Presentation on theme: "Lesson Talking About Voice & 1.3 Narrative Voices"— Presentation transcript:
1 Lesson 5 1.2 Talking About Voice & 1.3 Narrative Voices PurposeTo identify and analyze how a writer’s use of language creates a distinct voiceCite textual evidence of voice to support inferences about a speakerTo interpret writer's choices that create voice and suggest meanings
2 Bell Ringer Quickwrite When you think of pizza, what comes to mind? Write a paragraph describing pizza and showing your attitude toward it. You will come back to this later. Answer in provided space on page 5.
3 Intro to Vocab Terms In academic vocab binder, define (pg 5) Diction SyntaxImageryInference
4 Identify Voice Listen as I read aloud speaker 1’s excerpt on page 5. DiscussPractice ReadingFill in chart on page 6
5 Inference about speaker Voice Cont’dListen to speaker’s 2, 3, & 4Fill in the graph based on the speakers 2, 3, & 4SpeakerInference about speakerDictionSyntaxImageryToneSpeaker 2Speaker 3Speaker 4
6 1.3 Narrative VoiceHow to identify vocabulary terms. (Get etymology packet… watch as I demonstrate)What is a double-entry journal? Why use them?
8 Guided Reading of Speak Create a double-entry journal.Take notes as I read the novel excerpt
9 Analyze EntriesTime to make inferences about what we read in our double-entry journals!
10 Exit TicketAnderson was 38 when Speak was published, yet she captures a teen girl’s voice through her diction, syntax, and imagery. To explore how, choose a quote you think sounds particularly authentic, and write a response in a double-entry journal that explains how the quote contributes to the narrator’s teen voice.QuoteHow the quote adds to narrator’s teen voiceInference you can draw about the character of Melinda
11 Lesson 6 1.5 Defining Experiences PurposeTo explain how a writer creates effects through the connotations of words and imagesTo use textual details to support interpretive claims
12 Bell Ringer Diction, Denotation, Connotation Define the following terms found on page 14DictionDenotationConnotation
13 What does diction look like? Diction is word choice. When writing, use vocabulary suited for the type of assignment. Words that have almost the same denotation (dictionary meaning) can have very different connotations (implied meanings).Examples:Formal Diction Casual Diction Slang (very informal)are not angry aren't mad ain't tickedWhat makes the previous phrases similar? Different?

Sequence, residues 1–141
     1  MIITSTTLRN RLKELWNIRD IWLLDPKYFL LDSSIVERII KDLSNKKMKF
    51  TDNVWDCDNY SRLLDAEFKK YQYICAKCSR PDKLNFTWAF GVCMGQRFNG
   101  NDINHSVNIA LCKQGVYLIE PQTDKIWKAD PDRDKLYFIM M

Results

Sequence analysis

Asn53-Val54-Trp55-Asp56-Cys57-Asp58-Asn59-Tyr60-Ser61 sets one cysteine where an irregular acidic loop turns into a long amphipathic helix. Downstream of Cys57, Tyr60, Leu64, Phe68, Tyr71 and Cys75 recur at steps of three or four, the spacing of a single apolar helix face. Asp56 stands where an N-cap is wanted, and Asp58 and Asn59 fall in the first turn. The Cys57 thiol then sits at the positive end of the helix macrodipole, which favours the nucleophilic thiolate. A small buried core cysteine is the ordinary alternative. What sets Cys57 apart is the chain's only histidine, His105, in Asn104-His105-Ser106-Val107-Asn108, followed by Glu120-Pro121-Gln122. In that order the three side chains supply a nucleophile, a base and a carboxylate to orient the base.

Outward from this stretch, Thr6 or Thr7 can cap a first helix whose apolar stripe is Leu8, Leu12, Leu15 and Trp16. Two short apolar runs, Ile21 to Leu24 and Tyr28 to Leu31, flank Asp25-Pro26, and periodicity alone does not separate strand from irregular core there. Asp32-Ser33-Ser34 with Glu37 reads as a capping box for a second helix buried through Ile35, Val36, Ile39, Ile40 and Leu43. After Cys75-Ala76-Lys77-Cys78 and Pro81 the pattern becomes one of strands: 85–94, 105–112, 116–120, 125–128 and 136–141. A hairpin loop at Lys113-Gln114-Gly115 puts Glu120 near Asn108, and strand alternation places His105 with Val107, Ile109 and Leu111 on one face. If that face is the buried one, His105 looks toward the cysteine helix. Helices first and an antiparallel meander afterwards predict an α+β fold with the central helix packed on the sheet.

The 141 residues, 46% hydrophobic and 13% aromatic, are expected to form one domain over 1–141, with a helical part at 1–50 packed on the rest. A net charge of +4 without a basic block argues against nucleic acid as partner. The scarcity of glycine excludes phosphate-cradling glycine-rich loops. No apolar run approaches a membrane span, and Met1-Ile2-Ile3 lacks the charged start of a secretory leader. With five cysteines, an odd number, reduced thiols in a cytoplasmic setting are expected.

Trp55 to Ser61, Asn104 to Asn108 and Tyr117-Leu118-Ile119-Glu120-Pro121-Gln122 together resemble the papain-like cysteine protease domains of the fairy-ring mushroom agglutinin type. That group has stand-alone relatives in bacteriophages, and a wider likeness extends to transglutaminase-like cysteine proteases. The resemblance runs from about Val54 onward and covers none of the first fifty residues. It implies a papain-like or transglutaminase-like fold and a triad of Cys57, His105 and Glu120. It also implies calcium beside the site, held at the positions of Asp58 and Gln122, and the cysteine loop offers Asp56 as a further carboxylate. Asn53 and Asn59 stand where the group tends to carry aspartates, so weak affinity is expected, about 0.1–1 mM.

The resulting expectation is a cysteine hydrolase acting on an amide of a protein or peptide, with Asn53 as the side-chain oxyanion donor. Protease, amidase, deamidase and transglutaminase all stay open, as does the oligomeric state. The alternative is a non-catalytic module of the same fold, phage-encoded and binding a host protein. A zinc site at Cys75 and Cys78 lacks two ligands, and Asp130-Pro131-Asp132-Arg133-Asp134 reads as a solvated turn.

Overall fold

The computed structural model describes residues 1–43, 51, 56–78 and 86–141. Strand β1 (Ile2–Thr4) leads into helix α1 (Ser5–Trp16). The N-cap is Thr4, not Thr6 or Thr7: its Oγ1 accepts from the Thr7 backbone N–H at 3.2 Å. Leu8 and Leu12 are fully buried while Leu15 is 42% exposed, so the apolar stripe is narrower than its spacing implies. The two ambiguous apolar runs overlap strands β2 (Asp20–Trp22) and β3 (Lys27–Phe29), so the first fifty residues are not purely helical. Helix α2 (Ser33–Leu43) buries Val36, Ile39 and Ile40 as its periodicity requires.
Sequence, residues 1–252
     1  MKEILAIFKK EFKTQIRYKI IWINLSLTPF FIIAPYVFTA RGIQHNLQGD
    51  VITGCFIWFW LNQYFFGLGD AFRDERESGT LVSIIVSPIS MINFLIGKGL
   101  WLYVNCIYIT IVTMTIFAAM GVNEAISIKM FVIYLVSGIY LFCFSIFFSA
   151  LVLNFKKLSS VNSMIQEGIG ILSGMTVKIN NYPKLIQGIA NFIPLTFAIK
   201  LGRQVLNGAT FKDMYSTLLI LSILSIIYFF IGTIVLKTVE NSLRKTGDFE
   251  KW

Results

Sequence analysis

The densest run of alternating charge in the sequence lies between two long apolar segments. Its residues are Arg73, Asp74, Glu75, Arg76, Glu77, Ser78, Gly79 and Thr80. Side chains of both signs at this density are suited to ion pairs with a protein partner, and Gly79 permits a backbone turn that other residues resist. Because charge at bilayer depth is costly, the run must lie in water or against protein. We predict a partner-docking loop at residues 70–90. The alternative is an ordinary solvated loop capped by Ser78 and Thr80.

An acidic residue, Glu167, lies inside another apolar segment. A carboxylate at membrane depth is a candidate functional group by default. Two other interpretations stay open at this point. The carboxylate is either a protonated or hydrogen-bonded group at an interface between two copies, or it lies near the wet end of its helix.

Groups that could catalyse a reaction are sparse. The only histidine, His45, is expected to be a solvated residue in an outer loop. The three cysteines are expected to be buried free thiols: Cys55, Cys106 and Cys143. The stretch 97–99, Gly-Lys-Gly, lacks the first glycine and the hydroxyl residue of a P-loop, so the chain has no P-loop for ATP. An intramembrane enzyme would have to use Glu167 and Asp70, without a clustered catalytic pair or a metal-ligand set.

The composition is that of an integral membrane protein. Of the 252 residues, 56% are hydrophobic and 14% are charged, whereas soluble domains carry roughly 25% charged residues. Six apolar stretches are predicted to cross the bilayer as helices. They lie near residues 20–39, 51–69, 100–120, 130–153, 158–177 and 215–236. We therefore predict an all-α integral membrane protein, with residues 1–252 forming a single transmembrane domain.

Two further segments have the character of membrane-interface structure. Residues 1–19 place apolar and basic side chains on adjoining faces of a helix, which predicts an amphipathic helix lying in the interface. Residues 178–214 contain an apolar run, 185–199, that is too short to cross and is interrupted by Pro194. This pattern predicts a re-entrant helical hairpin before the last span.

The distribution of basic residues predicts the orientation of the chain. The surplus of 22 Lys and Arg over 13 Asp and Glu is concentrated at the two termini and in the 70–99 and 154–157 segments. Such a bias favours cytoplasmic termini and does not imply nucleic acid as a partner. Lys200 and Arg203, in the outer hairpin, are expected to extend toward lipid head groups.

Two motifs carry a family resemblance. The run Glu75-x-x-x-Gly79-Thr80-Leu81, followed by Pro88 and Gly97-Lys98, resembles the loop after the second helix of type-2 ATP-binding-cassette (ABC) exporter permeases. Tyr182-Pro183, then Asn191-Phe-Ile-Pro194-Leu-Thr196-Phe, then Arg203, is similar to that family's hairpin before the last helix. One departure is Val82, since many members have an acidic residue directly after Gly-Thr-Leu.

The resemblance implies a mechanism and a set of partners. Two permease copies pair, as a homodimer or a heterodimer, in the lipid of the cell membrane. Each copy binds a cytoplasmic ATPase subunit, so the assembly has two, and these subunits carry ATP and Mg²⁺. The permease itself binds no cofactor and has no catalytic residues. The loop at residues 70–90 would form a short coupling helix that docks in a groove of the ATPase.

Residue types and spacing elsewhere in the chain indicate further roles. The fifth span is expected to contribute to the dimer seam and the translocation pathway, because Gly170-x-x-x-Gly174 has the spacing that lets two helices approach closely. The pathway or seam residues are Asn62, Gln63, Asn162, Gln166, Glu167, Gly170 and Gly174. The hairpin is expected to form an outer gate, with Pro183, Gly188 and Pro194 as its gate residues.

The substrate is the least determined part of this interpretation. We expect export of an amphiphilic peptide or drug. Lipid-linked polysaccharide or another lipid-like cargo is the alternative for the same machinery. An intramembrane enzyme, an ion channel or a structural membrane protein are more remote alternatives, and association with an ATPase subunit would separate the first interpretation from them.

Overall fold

14 Denotation vs Connotation How to remember the difference Denotation is the Dictionary Definition (literal)Example: Home = the place you liveConnotation is the emotional meaning attached to the wordExample: Home = a loving place where family resides OR a battle field of conflict
15 Tying it together… Diction, Denotation, Connotation ConnotationsIn the following sentences, choose between the words in parentheses to make the sentence have as negative a connotation as possible.The leader was his nation’s most (notorious, well-known, famous) advocate.Immigrants (thronged, flocked, swarmed) to the large cities.A (trim, skinny, slender) woman entered the room.The man was (inebriated, drunk, intoxicated).Where did you find that (outfit, get-up, attire)?
16 Guided Reading pages 15-17As you read, highlight the text for examples of diction, syntax, and imagery that creates the narrator’s voice.Make sure to identify ONE word that you don’t know and see if you can figure it out based on your etymology packet.
17 Partner Read 18-19, 20-22In small groups, you will read the next chunks of the text. Keep highlighting the diction, syntax, and imagery. We will stop after each chunk to go over what we find!
18 Graphic Organizer Fill in the following graphic organizer Section of textQuoteDiction that conveys voiceImagery that conveys voiceInference about quote based on diction and imageryPgs 15-17Pgs 18-19Pgs 20-22
19 Exit Ticket Writing Prompt Check your UnderstandingAnswer the prompt on page 24 before leaving class.